Misconceptions Of The Vikings In Today's World

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In today's World Vikings aren’t thought highly of, in many regards other than their ability to fight. And are usually considered to be dirty warriors and pirates with an undeveloped culture. Who had no allegiance or laws to follow. But the Vikings were much more than their stereotype shows them to be. They were also explorers, and entrepreneurs, opening new trade, and spreading Scandinavian Culture across Europe. Throughout the Viking ages the Vikings created many things including extremely well made, and feared weapons, however one of the greatest things they created was the Long ship. The Vikings also weren’t as lawless as people may believe, the Vikings had created a very in depth system of government that operated on local, regional…show more content…
One of the main misconceptions is that the Vikings were a united people and that large amounts of Vikings attacked at a time. In reality most Viking raids had nothing to do with each other. Most raids were performed by individual Viking chieftains and their followers, who had a few maybe only one long ship. Sometimes chieftains would organise a flotilla to perform an organised raid, but mostly chieftains preferred individual raids. Vikings also weren’t just raiders, they were traders, and entrepreneurs. They opened up new avenues of trade reaching to Russia and Scandinavia, even into North America hundreds of years before Columbus “discovered” the…show more content…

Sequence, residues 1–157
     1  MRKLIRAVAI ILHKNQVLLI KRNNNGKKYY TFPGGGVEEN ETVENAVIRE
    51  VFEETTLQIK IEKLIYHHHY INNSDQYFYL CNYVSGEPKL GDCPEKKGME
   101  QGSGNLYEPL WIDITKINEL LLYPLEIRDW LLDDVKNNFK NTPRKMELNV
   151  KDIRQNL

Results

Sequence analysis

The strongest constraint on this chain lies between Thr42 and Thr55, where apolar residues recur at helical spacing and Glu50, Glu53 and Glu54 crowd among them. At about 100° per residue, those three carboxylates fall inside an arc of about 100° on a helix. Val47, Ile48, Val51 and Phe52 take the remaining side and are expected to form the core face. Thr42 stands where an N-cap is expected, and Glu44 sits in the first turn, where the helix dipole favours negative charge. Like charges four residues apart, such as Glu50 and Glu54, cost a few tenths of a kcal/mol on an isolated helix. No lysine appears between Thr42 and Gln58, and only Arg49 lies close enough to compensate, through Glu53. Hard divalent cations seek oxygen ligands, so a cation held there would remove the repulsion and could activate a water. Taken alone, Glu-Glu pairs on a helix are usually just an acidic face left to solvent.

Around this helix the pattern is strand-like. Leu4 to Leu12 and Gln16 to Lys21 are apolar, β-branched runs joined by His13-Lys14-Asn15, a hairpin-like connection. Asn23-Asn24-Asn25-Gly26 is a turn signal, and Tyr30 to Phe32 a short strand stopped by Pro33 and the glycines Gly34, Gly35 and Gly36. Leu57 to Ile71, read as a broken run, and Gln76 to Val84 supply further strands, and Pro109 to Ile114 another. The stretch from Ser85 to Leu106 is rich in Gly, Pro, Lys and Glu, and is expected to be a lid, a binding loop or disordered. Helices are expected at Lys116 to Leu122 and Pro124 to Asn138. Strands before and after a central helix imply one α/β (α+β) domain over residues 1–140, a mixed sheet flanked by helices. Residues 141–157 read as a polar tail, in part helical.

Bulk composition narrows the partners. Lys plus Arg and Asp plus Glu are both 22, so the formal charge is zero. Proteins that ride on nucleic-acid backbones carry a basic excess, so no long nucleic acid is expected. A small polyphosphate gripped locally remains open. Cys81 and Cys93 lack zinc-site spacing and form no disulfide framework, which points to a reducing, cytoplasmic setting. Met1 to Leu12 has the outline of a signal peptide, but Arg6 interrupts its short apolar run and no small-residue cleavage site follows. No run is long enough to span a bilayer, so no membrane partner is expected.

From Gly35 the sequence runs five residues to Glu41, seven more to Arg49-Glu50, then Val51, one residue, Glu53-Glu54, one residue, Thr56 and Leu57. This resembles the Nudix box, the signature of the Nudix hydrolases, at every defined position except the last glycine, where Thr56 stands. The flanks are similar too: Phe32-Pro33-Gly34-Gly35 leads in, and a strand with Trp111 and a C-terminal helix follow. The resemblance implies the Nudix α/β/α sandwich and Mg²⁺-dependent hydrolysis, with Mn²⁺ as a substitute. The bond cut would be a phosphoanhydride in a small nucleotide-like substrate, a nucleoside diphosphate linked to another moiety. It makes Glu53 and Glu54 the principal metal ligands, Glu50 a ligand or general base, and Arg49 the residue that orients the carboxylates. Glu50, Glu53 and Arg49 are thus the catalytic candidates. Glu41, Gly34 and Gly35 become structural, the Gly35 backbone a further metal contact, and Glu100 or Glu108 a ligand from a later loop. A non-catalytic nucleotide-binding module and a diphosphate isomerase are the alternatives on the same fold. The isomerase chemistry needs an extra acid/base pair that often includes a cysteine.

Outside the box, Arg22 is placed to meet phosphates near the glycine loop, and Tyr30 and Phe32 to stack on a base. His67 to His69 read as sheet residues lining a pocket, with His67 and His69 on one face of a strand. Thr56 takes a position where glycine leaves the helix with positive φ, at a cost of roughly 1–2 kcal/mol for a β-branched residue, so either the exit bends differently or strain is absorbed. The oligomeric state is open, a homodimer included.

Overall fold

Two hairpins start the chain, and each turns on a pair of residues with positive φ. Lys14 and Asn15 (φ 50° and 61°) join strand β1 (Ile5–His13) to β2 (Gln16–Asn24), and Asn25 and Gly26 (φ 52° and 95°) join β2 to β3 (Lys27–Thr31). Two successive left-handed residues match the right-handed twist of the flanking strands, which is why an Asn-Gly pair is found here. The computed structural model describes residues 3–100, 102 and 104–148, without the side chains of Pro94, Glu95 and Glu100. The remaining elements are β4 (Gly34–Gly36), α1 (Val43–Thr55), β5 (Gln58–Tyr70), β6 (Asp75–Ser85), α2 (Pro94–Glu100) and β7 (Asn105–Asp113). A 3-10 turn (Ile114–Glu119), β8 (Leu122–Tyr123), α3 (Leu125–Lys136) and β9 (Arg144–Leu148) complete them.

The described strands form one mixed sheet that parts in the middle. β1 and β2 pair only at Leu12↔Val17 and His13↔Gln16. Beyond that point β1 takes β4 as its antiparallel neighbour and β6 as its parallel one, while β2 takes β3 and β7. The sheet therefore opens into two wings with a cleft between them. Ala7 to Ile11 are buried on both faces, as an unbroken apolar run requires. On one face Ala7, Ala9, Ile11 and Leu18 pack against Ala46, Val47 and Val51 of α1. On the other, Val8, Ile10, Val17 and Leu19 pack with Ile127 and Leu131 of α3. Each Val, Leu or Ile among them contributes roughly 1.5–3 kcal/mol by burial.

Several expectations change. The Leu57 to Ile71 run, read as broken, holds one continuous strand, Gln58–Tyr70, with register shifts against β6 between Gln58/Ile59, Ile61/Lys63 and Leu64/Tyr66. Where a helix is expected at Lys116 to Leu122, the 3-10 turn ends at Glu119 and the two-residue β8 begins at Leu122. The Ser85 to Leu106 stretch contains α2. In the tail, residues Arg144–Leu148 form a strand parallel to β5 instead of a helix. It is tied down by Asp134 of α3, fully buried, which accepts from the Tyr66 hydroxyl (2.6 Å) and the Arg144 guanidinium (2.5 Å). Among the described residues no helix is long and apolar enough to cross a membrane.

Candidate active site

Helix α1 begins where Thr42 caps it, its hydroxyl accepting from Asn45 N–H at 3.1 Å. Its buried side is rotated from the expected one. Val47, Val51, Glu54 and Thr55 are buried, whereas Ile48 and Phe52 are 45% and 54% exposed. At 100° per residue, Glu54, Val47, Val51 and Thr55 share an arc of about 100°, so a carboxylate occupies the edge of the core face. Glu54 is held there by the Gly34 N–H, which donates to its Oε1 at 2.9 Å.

There were three types of “things” local, regional, and national (in the case of Iceland). The “Things” were open to all freemen, and at these “things” complaints were heard, decisions were made, and laws were passed. In Iceland the National “Thing” met once a year during the summer at Assembly plain(Þingvellir), a rift valley known both for its historical significance and its beauty. By the time the Settlement era ended Iceland was divided into four regions called quarters(fjórðungar). In each region there were 9 chieftain or goði who had specific responsibilities. The chieftains had no fixed borders, as allegiance to a chieftain was completely voluntary, any free man could change his support to anyone in his district, and with only minor formalities,and if a goði was involved in a feud or a contentious litigation they would often bring a larger group with them incase the proceedings ended with having to require lethal force. Each spring the chieftains met at the regional “thing”, to try, and settle regional disputes, the only thing bigger was the National “thing”. To be able to legally attend a “Thing” a man had to be "able to ride a full-day's journey, and bring in his own hobbled horse after baiting, and find his way by himself where the route is known to him" (Grágás K89). During the National “thing” a law speaker (lögsögumaður) who was chosen by the
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